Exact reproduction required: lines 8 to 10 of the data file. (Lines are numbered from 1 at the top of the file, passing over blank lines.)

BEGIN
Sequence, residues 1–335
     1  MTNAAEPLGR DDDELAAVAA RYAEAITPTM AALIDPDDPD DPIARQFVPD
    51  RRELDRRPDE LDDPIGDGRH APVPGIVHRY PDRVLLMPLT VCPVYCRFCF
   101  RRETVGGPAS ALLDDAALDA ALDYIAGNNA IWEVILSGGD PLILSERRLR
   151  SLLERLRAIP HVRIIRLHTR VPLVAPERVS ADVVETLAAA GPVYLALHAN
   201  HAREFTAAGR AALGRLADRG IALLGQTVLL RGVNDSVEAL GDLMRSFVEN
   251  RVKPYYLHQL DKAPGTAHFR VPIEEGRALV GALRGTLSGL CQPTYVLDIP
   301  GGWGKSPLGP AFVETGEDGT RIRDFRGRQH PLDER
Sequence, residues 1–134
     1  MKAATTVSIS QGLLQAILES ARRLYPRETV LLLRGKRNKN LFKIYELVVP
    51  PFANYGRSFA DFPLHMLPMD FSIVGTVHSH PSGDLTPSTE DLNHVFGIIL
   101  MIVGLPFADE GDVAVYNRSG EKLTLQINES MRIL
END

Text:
   301  GGWGKSPLGP AFVETGEDGT RIRDFRGRQH PLDER
Sequence, residues 1–134
     1  MKAATTVSIS QGLLQAILES ARRLYPRETV LLLRGKRNKN LFKIYELVVP